24 Corot Gold
As of last Friday, we have officially entered fall. Temperatures are at least hypothetically beginning to drop, area foliage is strongly considering a change to yellow, orange, or red—or quitting its branches entirely—and up in Calabazas the pumpkins are stirring from their deep slumber. This week’s post begins an intermittent series on seasonally appropriate scenes in the Bowers permanent collection by looking at John Francis Murphy’s Autumnal Tints. Known as the “American Corot,” a reference to the French Barbizon painter Camille Corot who no one even today would be so bold as to call the “French Murphy,” Murphy was an extraordinarily talented tonalist painter whose work perfectly captures this most-golden of seasons.
Painting to Make Ends Meets
Murphy was born and mostly raised in Oswego, New York in 1853, a city about an hour northwest of Syracuse. In 1868, his family moved to Chicago, and as Murphy entered the job market, he found work as a sign and theater scenery painter. Though he is often described as having no formal training, he did take some classes at the Chicago Academy of Design where he was eventually elected as a member. He saved up his money, and in 1873 he spent three months sketching and traveling through the Adirondack Mountains—a pilgrimage of sorts for a man who had a deep passion for the Hudson River School. A growing dissatisfaction with Chicago ultimately led Murphy to leave the city for New York, where he opened a studio in 1875. He struggled making ends meet, alternatively doing illustration work in the city and boarding with friends in the country—paying them with farm labor. It was not until 1878 and joining the Salmagundi Club that the artist began earning enough of a reputation that gallery doors opened for exhibitions and buyers began to purchase his works.
Though well-liked by his peers, Murphy preferred spending his time surrounded by nature. After he and his wife, Adah Clifford Smith, returned from their first trip to France in 1886—a six-month excursion that included a prolonged stay in the village of Montigny—the couple purchased land in the Catskills and lived there eight months out of every year until he died of pneumonia in 1921. Murphy was one of only a few artists at the time that stayed so close to the wild or human-tamed environments that he depicted in paintings. Part of this was the philosophy of American writers like Ralph Waldo Emerson and Henry David Thoreau who championed the inseparable relationship between man and nature and had dug their spurs into Murphy’s psyche at an impressionable age. In the realm of painting, he was playfully ribbed for his similarities to Camille Corot, but in reality drew more from George Inness and similar American tonalists.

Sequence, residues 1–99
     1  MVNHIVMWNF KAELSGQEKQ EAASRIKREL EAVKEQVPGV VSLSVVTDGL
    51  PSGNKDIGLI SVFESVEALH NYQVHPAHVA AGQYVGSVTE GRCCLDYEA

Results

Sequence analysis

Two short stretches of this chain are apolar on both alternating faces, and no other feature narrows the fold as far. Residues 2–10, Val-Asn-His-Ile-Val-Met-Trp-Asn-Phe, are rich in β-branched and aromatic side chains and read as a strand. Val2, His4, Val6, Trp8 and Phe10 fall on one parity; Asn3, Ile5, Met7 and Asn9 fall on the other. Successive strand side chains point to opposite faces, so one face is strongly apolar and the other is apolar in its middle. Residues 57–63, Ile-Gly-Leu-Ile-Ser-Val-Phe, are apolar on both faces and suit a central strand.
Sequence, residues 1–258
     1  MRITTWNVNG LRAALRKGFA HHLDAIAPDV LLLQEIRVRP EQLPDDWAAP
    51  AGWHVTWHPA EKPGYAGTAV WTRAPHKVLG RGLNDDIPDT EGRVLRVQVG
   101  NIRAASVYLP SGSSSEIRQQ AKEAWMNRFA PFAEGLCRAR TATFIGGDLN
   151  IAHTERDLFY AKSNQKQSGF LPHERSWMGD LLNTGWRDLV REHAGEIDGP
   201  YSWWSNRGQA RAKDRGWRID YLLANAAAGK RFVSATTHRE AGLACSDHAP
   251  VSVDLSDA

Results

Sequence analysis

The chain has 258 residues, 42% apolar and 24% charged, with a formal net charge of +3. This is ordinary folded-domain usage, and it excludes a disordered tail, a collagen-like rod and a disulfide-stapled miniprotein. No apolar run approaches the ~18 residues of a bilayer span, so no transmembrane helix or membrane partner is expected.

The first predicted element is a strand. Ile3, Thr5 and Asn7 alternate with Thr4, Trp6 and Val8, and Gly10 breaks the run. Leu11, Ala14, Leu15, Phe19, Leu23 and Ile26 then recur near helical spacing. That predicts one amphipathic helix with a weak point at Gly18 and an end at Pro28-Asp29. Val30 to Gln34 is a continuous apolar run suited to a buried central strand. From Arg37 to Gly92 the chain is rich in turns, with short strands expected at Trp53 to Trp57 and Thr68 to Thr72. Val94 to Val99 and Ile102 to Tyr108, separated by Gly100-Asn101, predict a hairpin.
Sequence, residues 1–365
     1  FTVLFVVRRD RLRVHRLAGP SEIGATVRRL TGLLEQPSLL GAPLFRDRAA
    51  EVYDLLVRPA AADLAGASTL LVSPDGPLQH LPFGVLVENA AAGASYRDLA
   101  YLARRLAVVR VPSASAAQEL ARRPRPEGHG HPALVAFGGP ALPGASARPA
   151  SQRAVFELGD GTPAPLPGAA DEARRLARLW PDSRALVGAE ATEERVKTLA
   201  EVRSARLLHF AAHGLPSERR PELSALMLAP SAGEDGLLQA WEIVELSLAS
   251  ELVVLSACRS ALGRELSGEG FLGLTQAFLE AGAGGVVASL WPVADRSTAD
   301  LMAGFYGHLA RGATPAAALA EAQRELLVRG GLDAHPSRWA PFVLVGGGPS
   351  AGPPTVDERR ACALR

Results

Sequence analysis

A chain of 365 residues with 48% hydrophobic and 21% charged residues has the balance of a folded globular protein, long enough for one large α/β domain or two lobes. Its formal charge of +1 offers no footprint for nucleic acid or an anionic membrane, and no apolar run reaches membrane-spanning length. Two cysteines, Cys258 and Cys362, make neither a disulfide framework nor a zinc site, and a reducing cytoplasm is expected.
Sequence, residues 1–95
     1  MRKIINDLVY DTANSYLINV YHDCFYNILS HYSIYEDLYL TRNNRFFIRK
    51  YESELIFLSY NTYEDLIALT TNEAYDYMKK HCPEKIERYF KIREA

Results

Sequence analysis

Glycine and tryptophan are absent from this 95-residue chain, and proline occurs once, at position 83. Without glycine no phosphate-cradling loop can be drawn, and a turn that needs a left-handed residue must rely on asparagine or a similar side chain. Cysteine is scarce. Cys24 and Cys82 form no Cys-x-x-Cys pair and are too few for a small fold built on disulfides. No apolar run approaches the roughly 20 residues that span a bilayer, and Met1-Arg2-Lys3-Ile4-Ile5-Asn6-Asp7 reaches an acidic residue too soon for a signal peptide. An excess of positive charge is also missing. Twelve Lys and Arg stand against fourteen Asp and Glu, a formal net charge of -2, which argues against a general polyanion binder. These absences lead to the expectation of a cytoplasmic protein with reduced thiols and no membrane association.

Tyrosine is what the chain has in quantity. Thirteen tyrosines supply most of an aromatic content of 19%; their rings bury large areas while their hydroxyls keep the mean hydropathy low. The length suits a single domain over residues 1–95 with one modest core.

One-Dimensional, And How!
“Although no one can praise Murphy for being a multifaceted landscapist, his innumerable versions of barren, wasted fields and farms have about them a dry, plaintively lyrical quality that continues to endear him to viewers who do not demand more drama or color in their art.”
—Peter Bermingham, American Art in the Barbizon Mood
Much in the same way that almost every pop song relies on the same four chords, Murphy rarely strayed far from his formula, especially once he achieved commercial success in the early 20th century. The Bowers has three paintings by Murphy, one untitled watercolor from 1881, and Autumnal Tints and The Wood Lot which are oils from 1909 and 1914, respectively. While all three share in being nearly monochromatic, a feature of many of his most famous works, the two later paintings are near identical in their palette and composition: a sloped hillside, fallen logs, and a single, prominent tree in the foreground. As is the case with many impressionist painters, Murphy’s forms are indistinct, bleeding into one another as if the viewer was looking through a fogged lens. The gray plaster sky one finds in the Mid Atlantic around this time of year is itself a target to this apparent color bleed, taking on the same blond hue he uses on leaves.
Scumbling in the Dark
Murphy began with moderately thick base layers of the overarching hue for his painting, let the paint almost dry, and then scumbled over his work with either a soft or stiff paste. He made the forms of trees by applying a thin, soft paste and added details such as tree branches with thick fluid paint. The uneven application of paint used with Murphy’s process led to the wonderfully textured surface of the work, the lighter portions of which are almost reminiscent of stucco.
Text and images may be under copyright. Please contact Collection Department for permission to use. References are available on request. Information subject to change upon further research.
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